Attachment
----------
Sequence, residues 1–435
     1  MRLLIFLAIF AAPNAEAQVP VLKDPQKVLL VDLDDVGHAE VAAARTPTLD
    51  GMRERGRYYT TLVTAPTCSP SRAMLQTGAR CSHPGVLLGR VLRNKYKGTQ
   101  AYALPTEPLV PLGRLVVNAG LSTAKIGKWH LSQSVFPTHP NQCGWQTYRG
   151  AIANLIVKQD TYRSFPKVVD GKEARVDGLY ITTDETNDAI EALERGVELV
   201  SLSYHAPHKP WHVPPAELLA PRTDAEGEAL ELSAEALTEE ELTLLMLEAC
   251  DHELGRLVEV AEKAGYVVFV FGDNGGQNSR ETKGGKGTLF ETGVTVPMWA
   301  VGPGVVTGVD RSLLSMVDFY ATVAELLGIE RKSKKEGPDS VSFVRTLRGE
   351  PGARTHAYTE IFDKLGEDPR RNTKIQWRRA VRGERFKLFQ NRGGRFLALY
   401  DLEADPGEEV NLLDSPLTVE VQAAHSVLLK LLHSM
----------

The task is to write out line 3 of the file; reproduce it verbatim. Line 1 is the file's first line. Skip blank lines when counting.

    51  GMRERGRYYT TLVTAPTCSP SRAMLQTGAR CSHPGVLLGR VLRNKYKGTQ